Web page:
No one understands that more than Elon Musk, who has earned most of his sizeable fortune in the space and automotive business. His bold vision, sense of urgency, and relentless perseverance are helping to secure America’s space future in the race against near-peer adversaries like China. Musk’s comfort level with big risks and simple leadership style – “if the schedule is too long, it’s probably wrong” – make exactly the right recipe to shake up the remaining piece of our Cold War planned economy. Today, thousands of companies and entrepreneurs around the world have been both inspired and enabled by SpaceX low cost launch services. Overly obsessed with his role in mankind’s destiny and a little too pushy for the staid aerospace industry? Perhaps. But maybe this mercurial visionary is exactly what is needed to secure the free world’s space security against a gathering red storm.
Jeff Bezos, Musk’s archrival billionaire in the race to win the solar system, is already making enduring contributions to the new space industry as well. In a head-to-head matchup, United Launch Alliance, the reliable but more expensive national security launch provider, has selected Bezos’ BE-4 rocket engine for its critical first stage over veteran producer Aerojet Rocketdyne. While his first space exposition to the public was relatively modest with the recent New Shepherd launch, Bezos invests over a $1B a year of his own money to advance his goals. The roadmap of his vision for the galactic human stretches far beyond his lifetime, too. Many think that “millions of people living and working in space” is too far-fetched a goal, but critics once doubted his new approach to buying things on the internet. Perhaps the stunt of sending himself into space on the New Shepherd is akin to Amazon’s earliest days, when he was just selling books. It is clear his personal vision does not end with Amazon and that its success is the economic engine behind his biggest passion project, Blue Origin.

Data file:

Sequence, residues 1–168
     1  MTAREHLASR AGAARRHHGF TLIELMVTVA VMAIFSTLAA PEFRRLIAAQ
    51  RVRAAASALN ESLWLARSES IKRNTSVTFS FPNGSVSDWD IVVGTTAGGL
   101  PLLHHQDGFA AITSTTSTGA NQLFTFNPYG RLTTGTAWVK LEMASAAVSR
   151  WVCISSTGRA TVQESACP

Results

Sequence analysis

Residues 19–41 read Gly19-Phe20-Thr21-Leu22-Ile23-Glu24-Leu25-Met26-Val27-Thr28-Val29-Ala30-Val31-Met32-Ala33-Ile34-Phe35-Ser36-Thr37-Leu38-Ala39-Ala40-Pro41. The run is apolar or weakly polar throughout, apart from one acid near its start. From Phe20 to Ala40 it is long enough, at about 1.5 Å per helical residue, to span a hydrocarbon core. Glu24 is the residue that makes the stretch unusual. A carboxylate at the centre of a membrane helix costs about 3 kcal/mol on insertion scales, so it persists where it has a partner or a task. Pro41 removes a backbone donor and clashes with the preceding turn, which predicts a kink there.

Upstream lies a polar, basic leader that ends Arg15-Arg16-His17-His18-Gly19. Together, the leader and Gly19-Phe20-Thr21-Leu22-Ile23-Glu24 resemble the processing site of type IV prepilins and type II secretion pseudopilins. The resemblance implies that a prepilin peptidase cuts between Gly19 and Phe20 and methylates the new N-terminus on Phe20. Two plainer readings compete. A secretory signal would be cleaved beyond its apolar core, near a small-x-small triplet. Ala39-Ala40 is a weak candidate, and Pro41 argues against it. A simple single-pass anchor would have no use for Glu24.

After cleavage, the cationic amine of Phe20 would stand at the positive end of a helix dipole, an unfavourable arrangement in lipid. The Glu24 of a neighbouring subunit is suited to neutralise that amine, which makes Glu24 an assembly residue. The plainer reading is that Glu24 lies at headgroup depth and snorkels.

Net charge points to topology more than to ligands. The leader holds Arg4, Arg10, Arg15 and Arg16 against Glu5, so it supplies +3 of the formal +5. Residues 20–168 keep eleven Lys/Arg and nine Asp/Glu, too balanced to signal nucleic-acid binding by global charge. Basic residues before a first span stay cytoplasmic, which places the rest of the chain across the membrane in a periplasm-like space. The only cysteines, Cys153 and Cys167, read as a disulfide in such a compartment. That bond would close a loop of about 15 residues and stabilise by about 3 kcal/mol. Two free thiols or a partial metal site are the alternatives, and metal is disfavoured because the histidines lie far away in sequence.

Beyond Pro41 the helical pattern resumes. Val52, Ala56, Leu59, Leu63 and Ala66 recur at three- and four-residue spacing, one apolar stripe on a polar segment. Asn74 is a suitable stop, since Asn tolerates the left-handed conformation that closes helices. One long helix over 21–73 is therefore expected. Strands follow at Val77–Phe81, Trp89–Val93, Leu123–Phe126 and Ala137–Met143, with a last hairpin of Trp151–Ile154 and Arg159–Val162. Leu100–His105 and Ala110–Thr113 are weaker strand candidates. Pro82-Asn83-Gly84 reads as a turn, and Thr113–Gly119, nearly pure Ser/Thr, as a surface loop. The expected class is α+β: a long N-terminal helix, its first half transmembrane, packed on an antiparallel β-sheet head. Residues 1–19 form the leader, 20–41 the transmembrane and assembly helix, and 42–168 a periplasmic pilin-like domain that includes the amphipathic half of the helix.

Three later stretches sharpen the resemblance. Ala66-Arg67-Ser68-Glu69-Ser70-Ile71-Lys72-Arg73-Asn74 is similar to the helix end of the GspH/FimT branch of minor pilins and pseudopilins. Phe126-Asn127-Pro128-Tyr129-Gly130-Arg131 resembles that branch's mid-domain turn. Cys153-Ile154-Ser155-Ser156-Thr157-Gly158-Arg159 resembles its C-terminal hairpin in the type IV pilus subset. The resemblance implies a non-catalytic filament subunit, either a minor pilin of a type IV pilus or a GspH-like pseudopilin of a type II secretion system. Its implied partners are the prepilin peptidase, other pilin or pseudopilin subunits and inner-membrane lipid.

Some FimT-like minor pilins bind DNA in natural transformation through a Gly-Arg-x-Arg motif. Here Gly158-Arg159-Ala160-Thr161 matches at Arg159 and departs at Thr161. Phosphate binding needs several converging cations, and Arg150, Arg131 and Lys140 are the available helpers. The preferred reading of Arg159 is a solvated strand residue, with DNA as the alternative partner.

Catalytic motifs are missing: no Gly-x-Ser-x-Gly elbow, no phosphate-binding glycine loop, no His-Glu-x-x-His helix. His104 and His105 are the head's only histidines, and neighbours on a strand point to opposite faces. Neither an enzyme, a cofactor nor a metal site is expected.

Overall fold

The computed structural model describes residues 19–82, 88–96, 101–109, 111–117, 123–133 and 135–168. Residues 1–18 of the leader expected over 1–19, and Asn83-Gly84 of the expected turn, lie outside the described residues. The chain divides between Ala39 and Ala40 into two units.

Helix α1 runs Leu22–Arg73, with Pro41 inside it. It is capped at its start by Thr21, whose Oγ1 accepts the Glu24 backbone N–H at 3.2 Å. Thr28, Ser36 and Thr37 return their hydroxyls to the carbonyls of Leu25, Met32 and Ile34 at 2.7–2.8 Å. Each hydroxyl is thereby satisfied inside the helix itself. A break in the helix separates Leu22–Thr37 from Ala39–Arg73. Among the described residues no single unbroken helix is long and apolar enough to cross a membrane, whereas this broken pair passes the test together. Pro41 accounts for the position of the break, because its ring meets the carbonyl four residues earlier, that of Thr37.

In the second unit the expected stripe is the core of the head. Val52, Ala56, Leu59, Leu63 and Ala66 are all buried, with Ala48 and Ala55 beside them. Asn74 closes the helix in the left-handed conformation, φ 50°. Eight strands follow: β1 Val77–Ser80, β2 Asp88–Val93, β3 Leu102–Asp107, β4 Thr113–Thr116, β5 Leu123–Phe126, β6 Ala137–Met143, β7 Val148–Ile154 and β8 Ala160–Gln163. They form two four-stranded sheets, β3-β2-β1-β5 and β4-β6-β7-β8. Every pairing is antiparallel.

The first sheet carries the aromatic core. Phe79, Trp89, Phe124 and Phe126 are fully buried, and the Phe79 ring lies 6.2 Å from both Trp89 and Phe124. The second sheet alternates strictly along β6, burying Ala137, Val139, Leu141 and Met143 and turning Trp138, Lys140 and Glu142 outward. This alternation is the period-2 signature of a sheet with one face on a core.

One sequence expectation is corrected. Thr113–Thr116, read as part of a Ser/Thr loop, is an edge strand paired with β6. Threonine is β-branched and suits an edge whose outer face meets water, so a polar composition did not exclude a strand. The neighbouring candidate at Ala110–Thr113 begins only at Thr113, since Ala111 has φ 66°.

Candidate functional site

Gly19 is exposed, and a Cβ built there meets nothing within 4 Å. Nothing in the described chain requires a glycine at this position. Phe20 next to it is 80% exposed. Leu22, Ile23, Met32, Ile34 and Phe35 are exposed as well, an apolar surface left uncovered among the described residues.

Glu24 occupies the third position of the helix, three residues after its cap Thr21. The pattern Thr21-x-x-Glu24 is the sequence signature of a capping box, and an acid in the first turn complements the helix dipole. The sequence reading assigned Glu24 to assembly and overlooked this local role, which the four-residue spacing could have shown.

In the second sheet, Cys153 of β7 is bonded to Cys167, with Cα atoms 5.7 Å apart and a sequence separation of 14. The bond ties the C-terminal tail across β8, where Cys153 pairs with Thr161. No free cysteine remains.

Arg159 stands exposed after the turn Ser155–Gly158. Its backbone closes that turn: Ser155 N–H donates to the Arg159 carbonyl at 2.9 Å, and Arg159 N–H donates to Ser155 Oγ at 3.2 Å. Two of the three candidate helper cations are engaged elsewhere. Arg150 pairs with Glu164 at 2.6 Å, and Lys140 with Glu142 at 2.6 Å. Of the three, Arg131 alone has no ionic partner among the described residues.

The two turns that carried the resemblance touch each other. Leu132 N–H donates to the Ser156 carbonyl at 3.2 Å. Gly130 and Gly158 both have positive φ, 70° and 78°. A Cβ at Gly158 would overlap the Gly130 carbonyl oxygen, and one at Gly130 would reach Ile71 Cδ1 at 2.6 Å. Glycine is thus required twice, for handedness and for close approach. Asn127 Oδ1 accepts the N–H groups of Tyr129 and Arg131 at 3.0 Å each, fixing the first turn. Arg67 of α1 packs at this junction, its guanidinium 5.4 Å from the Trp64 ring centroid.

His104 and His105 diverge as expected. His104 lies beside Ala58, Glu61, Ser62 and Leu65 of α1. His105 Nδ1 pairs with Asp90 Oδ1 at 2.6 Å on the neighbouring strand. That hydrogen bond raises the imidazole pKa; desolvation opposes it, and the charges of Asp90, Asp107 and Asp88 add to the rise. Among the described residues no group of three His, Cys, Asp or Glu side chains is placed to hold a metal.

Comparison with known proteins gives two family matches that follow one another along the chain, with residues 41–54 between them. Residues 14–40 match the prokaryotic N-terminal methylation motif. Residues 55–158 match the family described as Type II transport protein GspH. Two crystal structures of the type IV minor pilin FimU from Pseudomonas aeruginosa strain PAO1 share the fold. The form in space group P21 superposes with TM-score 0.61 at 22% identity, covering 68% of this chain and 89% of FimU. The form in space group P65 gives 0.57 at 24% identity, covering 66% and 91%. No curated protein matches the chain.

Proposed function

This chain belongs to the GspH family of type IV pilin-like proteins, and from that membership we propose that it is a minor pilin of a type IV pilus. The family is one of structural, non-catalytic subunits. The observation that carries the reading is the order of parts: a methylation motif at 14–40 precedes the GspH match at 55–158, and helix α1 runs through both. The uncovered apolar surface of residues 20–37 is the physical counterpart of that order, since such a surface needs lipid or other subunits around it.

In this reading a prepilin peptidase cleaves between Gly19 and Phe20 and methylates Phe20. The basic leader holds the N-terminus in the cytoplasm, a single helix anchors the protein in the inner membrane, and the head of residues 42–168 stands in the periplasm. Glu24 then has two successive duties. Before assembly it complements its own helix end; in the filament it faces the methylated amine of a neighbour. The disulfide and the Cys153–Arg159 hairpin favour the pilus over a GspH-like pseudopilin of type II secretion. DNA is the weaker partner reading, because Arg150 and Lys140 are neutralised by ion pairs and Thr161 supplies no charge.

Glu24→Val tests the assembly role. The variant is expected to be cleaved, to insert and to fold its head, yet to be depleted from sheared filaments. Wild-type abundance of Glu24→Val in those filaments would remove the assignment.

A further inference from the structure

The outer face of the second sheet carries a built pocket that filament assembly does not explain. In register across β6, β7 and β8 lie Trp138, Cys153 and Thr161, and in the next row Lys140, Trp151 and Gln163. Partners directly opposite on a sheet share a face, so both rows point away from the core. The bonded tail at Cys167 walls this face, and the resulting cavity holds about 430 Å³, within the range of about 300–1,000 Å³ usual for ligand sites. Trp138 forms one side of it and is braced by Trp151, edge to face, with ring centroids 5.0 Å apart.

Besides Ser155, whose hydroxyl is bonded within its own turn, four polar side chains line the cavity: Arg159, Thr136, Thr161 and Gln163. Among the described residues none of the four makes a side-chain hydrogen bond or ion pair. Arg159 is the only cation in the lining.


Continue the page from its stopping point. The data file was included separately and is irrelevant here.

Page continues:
How much these billionaires should be paying in taxes is an important policy debate, as some like Bernie Sanders make the argument that it is even immoral just to be a billionaire. The irony of this rhetoric is that the alternative is diverting taxpayer dollars from bridges and roads to compete against these private companies with no completion end game. Instead, these high-net-worth individuals are using their wealth to foster an industry with direct benefits to the U.S. and actually generating tax revenue. The American taxpayer spent nothing to send Bezos to space. We should want more of this, not less, as the immediate and long-term benefits of these free-market transactions will not only advance the science, but also the possibilities of humankind – with minimal cost to the American taxpayer.
It is imperative that free nations win the second Space Race. A well-regulated commercial space industry, encouraged and promoted by our government like any other vital sector, is essential. In stark contrast to the first space race, private capital will be the requisite ingredient to our victory, and government investment must seek to leverage it, not compete against it.
The winners in this race will not be decided when a capsule touches back down on sea or land, or a spaceplane lands in the New Mexican desert. On the contrary – that is only the beginning. Just as the West was not won when Lewis and Clark first caught a glimpse of the Pacific Ocean, the West was simply deemed “open for business.” The fact is that we cannot project now the true value of this rivalry playing out in front of us today, as these billionaires dare to challenge physics and stretch what is possible. Decades from now when anyone is free to roam the final frontier and realize their dreams, I think we’ll realize that humanity was the real winner.